young people to consider ceramics as a career, as Laura May McMullan


reports. Wade Ceramics is one of the biggest


manufacturers in Stoke-on-Trent. Bosses here say traditional skills


are in short supply. They've never been busier, yet they're still


struggling to fill vacancies. think in the past what has been


happening is children have followed in the footsteps of their parents.


Unfortunately, parents have now decided not to work in the industry


so they are not following them. that is one of the main focuses of


this project. To get the skills back. Brownhills Academy in Stoke-


on-Trent is one of five local schools taking part in the year-


long programme alongside Staffordshire University. Staff


here say re-introducing traditional skills is vital. It is about


bringing those kinds of materials back into the classroom because


they are very used to using the computers, which are very clean and


tidy. It is about bringing their confidence back about using these


different materials. And this group enrolled on Staffordshire


University's M.A course are the future generation of ceramic


designers. Students here have set up their own award-winning company


Flux, with well over �100,000 in orders. But despite the success,


the university's ceramic design undergraduate degree course is


running at a loss. It does reflect a reality that we need to redress.


And if we want to make changes, they have to start at an early age.


Companies like Wade are staging a strong fightback with year-on-year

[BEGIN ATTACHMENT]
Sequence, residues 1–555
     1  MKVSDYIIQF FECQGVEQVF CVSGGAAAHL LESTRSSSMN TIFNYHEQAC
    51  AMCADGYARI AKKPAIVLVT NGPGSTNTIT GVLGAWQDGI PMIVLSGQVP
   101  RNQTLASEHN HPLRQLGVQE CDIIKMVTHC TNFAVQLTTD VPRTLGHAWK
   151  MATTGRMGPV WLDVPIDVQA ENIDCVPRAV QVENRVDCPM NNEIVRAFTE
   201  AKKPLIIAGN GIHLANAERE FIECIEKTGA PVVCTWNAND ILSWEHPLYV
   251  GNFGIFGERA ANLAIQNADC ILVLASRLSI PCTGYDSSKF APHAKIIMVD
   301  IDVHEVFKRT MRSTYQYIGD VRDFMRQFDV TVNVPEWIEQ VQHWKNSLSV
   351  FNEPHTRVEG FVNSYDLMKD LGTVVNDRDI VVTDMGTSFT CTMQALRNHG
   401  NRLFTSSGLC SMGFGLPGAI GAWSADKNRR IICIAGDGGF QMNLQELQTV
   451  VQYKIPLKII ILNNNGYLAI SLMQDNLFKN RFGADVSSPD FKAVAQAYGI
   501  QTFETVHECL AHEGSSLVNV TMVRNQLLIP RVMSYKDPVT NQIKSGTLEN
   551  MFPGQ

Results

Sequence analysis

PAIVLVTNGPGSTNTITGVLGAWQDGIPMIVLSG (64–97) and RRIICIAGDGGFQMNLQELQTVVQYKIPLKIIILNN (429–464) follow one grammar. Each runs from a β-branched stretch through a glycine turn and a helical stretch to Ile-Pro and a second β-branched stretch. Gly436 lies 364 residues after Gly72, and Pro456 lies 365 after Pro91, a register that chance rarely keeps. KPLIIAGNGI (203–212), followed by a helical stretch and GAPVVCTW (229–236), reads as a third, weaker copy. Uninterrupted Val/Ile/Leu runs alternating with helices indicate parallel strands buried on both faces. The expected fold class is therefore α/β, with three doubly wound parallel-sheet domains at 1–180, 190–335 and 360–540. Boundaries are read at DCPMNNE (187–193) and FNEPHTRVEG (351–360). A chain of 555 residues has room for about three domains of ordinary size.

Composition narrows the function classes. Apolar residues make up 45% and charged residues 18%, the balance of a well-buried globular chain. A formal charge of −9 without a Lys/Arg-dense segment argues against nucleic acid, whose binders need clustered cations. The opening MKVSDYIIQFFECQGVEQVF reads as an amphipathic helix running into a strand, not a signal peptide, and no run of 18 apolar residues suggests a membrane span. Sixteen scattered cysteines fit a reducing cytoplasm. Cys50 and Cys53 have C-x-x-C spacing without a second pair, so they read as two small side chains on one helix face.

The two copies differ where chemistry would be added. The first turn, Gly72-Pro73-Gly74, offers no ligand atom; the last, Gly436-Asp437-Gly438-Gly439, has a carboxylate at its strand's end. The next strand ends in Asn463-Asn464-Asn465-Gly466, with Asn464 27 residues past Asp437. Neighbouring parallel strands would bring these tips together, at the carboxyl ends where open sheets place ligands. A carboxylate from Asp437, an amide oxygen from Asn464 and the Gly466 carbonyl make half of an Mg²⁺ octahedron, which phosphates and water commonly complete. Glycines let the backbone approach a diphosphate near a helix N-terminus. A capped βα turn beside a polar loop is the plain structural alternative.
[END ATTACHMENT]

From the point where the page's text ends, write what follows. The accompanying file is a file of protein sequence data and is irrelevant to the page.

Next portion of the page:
profits. And just as the back stamp says "made in Stoke-on-Trent",


experts want the next generation to be trained in Stoke-on-Trent.


A gold medal sweet pea grower says this spring's terrible weather


could scupper his chances of success at Chelsea. The world-


famous flower show opens in London next week. Derek Heathcote, who's


been in the sweetpea business for over 20 years, says he's struggling


to get enough flowers to fill his stand. Sarah Falkland's been to his


home in the village of Stowe-by- Chartley in Staffordshire. Hello!


Welcome to Derek's greenhouse. The ambient culture today is 19 degrees.


But not enough for Chelsea. Just look at the flowers. No peas on


them whatsoever. They should be heaving with flowers now and there


is nothing at all. It is heartbreaking. Basically, the cold


might have been down to two, three degrees. And it is that cold spell


and a lack of sunshine to bring them out. Derek's a famous name in


the world of sweet peas. He's won gold at Chelsea five times. His son


Andy works alongside him. They cross-pollinate plants to create


new varieties. This is Charlie's Angels. Put your nose on that and


smell the perfume! Each new variety takes seven years to create, this


one for the Queen. It's called Diamond Jubilee and will showcase


at Chelsea. This weekend, they will start snipping the stems for